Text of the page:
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A visit to the golden grasslands of Gujarat’s Blackbuck National Park in Velavadar results in unusual sightings of wolves and a rush of childhood memories
Indian wolves are identified by their yellowish coat interspersed with black. In the summers they shed most of their fur, which makes gives their characteristic lean look. Photo: Arun Ahuja
By Manan Dhuldhoya
Memories are funny creatures. We never know which ones will endure or perish, and which we’ll embellish. What we do know is that we can’t predict when and where they will emerge without warning. In early December 2019, a chance sighting of a lone wolf at the Blackbuck National Park in Velavadar, Gujarat, transported me back nearly four decades, to the cool, dark belly of Sterling Cinema, in what was then called Bombay. Disney’s The Jungle Book movie had been released and had taken over our lives. With multiple viewings in the theatre (I saw it four times), and innumerable recounting of it with peers in building compounds, we formed fan clubs with Baloo and Bagheera leading the pack. Even back then, the less popular wolf pack resonated with me most, especially Akela, the leader and embodiment of grace and gravitas.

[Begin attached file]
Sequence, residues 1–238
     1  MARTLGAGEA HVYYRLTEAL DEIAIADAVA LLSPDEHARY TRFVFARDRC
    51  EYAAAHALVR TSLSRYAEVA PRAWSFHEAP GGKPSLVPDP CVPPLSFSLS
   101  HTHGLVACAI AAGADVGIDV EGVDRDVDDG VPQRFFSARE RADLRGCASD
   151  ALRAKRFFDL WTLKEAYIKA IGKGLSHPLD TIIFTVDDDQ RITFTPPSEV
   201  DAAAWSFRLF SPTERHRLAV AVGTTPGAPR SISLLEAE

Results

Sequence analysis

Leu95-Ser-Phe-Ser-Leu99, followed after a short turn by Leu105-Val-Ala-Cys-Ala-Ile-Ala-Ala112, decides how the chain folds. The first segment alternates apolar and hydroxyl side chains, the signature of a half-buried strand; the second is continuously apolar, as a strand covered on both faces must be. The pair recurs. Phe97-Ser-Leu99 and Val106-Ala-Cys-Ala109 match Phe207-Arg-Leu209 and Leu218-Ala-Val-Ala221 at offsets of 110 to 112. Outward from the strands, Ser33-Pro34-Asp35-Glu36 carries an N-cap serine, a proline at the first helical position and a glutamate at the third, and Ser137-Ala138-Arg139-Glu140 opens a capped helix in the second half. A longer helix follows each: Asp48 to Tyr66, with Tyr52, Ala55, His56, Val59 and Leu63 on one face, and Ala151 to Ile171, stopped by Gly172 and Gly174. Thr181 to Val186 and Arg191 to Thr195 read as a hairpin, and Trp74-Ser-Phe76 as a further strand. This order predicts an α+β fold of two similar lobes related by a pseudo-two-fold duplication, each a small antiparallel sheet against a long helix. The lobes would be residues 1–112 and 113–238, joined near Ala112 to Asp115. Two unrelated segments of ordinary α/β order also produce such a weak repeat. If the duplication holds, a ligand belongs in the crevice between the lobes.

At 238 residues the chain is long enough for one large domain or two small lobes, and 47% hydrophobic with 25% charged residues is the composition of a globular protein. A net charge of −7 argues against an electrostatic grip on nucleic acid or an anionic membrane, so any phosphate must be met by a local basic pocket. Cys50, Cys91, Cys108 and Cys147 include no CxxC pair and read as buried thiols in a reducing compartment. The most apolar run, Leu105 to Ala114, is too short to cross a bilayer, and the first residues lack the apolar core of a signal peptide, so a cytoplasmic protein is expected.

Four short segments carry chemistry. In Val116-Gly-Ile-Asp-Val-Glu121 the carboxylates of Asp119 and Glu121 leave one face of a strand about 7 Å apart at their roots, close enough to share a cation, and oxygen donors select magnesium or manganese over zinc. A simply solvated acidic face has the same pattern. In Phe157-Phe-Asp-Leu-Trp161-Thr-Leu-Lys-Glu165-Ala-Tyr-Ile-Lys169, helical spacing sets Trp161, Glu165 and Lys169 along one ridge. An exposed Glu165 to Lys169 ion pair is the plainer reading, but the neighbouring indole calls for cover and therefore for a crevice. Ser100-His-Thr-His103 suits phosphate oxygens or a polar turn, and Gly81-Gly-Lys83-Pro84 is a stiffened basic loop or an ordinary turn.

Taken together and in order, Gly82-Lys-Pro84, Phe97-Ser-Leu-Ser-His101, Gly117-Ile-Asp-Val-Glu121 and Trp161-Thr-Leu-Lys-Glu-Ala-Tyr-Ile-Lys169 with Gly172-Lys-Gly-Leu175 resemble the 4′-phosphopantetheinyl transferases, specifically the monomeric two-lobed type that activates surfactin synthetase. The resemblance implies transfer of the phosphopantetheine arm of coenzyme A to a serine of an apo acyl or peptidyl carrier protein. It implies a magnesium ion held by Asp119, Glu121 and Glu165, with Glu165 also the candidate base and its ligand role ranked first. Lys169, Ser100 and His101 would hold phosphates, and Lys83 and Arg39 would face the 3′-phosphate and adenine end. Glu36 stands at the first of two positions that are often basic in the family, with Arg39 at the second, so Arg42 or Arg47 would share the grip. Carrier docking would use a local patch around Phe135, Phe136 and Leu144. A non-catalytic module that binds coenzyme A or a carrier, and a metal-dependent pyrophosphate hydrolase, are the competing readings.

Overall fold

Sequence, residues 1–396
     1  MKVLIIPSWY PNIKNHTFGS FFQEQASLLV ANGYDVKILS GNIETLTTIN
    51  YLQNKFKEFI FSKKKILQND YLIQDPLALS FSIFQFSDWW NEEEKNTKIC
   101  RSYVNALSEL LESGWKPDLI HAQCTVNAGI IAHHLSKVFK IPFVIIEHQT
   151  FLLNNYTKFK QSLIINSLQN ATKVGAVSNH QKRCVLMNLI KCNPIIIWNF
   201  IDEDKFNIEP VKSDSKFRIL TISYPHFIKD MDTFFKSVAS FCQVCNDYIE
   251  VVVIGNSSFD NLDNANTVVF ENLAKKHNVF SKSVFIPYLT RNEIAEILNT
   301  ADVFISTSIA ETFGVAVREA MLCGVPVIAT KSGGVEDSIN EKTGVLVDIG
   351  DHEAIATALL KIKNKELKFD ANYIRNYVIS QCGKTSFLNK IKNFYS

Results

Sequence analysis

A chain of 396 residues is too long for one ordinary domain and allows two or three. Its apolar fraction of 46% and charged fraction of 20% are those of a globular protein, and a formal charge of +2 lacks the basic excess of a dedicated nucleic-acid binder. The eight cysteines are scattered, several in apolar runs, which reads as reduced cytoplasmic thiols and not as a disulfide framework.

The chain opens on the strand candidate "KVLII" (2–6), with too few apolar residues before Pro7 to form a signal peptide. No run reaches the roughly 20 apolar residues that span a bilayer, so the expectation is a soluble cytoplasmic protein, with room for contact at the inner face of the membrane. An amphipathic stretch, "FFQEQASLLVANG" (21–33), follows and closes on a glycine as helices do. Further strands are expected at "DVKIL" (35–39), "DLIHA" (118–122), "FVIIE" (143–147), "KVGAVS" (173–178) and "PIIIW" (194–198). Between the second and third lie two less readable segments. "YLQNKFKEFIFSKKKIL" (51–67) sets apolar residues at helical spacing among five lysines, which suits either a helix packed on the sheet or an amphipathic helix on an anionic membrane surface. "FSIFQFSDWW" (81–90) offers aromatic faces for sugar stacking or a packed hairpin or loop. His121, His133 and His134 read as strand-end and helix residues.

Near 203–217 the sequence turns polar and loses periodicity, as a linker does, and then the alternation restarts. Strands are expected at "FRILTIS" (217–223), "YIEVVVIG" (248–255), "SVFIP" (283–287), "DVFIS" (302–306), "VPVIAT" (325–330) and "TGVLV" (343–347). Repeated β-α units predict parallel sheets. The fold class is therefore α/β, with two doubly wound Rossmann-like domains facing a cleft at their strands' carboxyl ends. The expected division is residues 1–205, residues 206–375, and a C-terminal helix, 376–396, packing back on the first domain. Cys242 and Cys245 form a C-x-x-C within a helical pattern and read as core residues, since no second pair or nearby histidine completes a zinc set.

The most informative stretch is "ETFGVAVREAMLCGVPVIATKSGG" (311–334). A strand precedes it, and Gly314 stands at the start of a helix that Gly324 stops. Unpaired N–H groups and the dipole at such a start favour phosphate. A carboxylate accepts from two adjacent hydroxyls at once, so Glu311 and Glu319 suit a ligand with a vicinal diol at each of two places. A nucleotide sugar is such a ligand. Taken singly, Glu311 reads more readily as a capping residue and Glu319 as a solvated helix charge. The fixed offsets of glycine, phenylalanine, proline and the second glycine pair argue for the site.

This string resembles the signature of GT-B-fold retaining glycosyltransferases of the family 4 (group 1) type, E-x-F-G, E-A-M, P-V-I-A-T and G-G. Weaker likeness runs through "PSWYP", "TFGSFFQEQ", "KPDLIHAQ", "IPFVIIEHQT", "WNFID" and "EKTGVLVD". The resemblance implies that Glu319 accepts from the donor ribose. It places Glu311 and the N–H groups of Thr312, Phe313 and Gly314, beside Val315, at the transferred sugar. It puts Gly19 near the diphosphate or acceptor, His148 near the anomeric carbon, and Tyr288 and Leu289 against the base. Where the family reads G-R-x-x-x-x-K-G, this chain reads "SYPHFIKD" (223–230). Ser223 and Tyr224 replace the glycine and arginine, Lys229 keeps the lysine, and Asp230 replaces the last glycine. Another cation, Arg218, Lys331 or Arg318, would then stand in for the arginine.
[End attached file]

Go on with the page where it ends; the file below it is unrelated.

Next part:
When a lone male wolf ambled nonchalantly out of the bushes, not ten feet from our jeep as I took the last of my safaris in Velavadar, I was taken by surprise by a flash of memories. Instead of scampering off skittishly as I’d expected, the wolf paused, considered us with a regal, almost insouciant air, and then circled around us sniffing. I was initially puzzled by the otherwise reticent predator’s boldness, when Amit Vegad, the naturalist accompanying me from Blackbuck Safari Lodge, informed me that this was their breeding season. Almost on cue, the male wolf, who Amit called “naar” (local name) scent-marked a milestone right behind our car, before going on to mark a tree and a thicket just off the road. He then used his hind legs to scratch-mark the entrance to a much-trodden track leading off into the grasslands, where I hoped to observe and understand its species better over the next few days of safaris. But neither Amit nor Vishal Zapadiya, the jeep driver for most of our safaris, could have predicted the sheer number of rare and unusual behaviours we’d all get to observe.